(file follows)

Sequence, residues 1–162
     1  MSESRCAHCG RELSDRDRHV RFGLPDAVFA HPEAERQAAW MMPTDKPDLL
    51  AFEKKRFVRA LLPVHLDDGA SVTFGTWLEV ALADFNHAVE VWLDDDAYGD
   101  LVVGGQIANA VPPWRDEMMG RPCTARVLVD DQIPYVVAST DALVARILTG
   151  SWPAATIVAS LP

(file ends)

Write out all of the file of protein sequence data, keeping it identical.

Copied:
Sequence, residues 1–162
     1  MSESRCAHCG RELSDRDRHV RFGLPDAVFA HPEAERQAAW MMPTDKPDLL
    51  AFEKKRFVRA LLPVHLDDGA SVTFGTWLEV ALADFNHAVE VWLDDDAYGD
   101  LVVGGQIANA VPPWRDEMMG RPCTARVLVD DQIPYVVAST DALVARILTG
   151  SWPAATIVAS LP